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This study analyzes the overall state role in implementing federal and state education programs. It focuses on state management of the two largest federal education programs: the Elementary and Secondary Education Act Title I — now Chapter 1 of the Education Consolidation and Improvement Act of 1981 (ECIA) — which provides compensatory education services; and the Education for All Handicapped Children Act, which serves special education students. The study also examines state-funded compensatory and handicapped education programs to compare how state governments and, specifically, state education agencies (SEAs) manage similar state and federal initiatives. The analysis treats the interaction between federal program characteristics and state-level variables; it addresses a set of policy issues that transcend individual programs and governmental levels, such as the capacity and willingness of states to serve "special needs" students and promising strategies for SEA management in a time of retrenchment and reduced federal direction. The research also provides a basis for assessing the probable effects of the most recent changes in federal education policy, particularly the ECIA.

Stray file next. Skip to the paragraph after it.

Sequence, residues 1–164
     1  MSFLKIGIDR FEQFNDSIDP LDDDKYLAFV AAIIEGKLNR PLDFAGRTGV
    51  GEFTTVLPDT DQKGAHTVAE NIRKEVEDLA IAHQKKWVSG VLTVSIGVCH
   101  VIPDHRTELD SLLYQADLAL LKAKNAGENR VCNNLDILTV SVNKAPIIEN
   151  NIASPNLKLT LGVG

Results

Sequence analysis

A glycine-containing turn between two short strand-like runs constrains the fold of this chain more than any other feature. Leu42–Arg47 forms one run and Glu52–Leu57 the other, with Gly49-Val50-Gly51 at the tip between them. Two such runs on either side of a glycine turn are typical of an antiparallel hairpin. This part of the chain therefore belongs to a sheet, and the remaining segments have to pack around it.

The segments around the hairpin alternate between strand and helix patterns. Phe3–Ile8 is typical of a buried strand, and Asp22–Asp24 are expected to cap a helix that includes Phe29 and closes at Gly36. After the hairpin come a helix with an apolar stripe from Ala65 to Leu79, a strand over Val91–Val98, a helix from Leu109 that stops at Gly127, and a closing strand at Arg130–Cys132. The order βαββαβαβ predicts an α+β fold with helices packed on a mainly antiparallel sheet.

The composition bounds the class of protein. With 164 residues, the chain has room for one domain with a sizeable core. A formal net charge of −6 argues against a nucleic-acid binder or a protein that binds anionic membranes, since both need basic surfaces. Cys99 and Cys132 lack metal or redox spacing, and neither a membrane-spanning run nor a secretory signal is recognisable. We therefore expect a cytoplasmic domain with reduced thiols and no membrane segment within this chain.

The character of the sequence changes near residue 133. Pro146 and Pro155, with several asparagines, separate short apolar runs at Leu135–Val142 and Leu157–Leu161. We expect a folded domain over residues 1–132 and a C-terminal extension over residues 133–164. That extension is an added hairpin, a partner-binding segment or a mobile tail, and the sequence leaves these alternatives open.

This report is part of the RAND Corporation report series. The report was a product of the RAND Corporation from 1948 to 1993 that represented the principal publication documenting and transmitting RAND's major research findings and final research.

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